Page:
FAA Small UAS Rulemaking

In June of 2016, FAA finalized its small UAS (sUAS) rule, part 107, which went into effect in August of 2016. The rule applies only to commercial sUAS under 55 pounds and allows UAS operators to fly without a Sec. 333 exemption. Instead, sUAS may be operated commercially by someone with a remote pilot airman certificate, which requires testing at an FAA center, or a manned pilot license along with online testing (it should be noted, however, that the testing is not as intensive as it is for manned aircraft). As of August 2018, 100,000 people have obtained remote pilot certificates.

In part thanks to NAAA comments on the notice of the proposed rule, the ceiling for UAS flights was lowered from 500 to 400 feet. Other operational limitations for sUAS include that sUAS operations be conducted within visual line-of-sight during daylight or civil twilight, sUAS may not operate over any persons not directly participating in the operation, an sUAS may not travel faster than 100mph, a UAV must be inspected by the remote pilot prior to flight, and sUAS must give way to all other aircraft. Most of these restrictions can be waived by FAA if an applicant demonstrates that such a waiver will not endanger the NAS and persons on the ground. As of January 2020 the FAA has granted 5,551 waivers. You can view these waivers at https://www.faa.gov/uas/request_waiver/waivers_granted/.

In January 2019, the FAA released a notice of proposed rulemaking (NPRM) regarding Unmanned Aircraft Systems (UAS) flights at night and flights over people. This NPRM only applies to what the FAA refers to as a “small UAS,” meaning UAS under 55 pounds. Under the proposed rule, flights at night may occur if:

  1. The UAS has an anti-collision light that is visible for 3 statute miles, and
  2. The remote pilot in command has completed an updated knowledge test or recurrent training as applicable, to ensure familiarity with the risks and appropriate mitigations for nighttime operation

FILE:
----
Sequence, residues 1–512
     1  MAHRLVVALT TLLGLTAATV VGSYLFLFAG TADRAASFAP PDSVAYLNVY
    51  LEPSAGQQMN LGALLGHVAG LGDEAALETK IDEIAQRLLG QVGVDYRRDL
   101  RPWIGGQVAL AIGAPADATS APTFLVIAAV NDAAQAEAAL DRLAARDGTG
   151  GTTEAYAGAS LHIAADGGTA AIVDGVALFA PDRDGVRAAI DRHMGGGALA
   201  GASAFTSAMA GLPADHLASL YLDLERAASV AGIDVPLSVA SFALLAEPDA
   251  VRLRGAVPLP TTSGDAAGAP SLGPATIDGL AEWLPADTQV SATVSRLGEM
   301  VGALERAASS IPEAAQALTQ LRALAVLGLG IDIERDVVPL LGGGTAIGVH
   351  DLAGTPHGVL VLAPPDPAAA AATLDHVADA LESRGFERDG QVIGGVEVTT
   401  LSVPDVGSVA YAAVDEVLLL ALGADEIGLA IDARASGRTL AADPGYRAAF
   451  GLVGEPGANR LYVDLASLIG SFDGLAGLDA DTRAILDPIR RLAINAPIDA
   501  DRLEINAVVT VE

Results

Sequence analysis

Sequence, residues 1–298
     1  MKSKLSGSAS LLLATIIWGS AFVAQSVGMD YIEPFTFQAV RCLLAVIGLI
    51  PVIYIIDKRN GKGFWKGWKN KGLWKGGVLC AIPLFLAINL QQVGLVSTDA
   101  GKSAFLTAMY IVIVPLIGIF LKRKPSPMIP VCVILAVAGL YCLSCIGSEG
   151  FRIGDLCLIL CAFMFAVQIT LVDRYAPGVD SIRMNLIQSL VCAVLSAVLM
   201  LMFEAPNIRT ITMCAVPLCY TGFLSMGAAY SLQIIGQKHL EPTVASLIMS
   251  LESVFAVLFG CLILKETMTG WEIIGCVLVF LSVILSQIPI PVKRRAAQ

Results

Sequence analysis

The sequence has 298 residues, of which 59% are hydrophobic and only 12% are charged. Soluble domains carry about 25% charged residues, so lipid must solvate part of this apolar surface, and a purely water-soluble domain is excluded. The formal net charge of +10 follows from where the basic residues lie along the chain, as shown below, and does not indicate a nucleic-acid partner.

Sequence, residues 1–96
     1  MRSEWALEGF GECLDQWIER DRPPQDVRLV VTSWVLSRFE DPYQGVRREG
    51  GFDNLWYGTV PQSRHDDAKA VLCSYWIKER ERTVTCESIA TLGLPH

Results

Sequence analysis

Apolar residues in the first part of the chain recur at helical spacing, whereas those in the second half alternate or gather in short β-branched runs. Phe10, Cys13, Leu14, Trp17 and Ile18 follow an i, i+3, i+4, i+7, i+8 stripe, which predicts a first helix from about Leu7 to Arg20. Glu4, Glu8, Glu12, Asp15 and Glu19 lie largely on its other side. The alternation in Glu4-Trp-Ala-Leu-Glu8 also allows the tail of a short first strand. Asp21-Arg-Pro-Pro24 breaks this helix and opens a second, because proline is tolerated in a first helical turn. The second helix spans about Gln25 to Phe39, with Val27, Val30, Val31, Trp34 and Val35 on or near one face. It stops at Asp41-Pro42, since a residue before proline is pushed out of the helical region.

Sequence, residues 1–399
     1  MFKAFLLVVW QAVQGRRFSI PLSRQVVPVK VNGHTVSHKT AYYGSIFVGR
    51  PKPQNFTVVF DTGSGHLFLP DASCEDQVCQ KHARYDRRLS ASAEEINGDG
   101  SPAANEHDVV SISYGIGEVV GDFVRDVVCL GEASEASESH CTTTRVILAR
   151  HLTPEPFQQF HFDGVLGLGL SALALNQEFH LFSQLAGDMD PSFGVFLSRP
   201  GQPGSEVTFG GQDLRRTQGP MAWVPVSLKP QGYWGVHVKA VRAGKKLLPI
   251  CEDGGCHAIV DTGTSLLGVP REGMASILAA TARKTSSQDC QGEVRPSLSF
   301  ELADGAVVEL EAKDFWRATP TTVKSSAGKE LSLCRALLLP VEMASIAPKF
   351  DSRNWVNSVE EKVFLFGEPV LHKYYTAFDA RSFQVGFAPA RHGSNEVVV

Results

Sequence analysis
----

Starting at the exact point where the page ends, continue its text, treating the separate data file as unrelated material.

Additionally, flights over people may be conducted by aircraft under 0.55 pounds with no restrictions. A UAS weighing over 0.55 pounds and under 55 pounds can operate over people if:
  1. It is designed to have no exposed rotor blades that could lacerate human skin
  2. The UAS does not have an FAA-identified safety defect
  3. The weight and speed of the UAV does not transfer more than 11 ft-lbs. of kinetic energy upon impact with a person
A UAS weighting over 0.55 pounds but under 55 pounds can transfer up to 25 ft-lbs. of kinetic energy upon impact with a person if:
  1. It is designed to have no exposed rotor blades that lacerate human skin
  2. The UAS does not have an FAA-identified defect
  3. It does not operate over an open-air assembly of people, such as a stadium
  4. Operations are conducted within or over a closed- or restricted-access site and anyone within that site would have to be notified that a small unmanned aircraft may fly over them
  5. For operations not within or over a closed- or restricted-access site, the UAS may transit but not hover over people.
The FAA has selected the 11 and 25 ft-lbs. kinetic energy thresholds after careful consideration of an ARC convened to study the issue. The UAS manufacturer must demonstrate compliance with kinetic energy thresholds through a process it is currently formulating. Additionally, weight restrictions would apply from takeoff to landing, meaning the total weight includes all fuel and cargo.  

This document is intended for NAAA members’ review only. It is not intended for publication. NAAA requests that should any party desire to publish, distribute or quote any part of this document that they first seek the permission of the Association.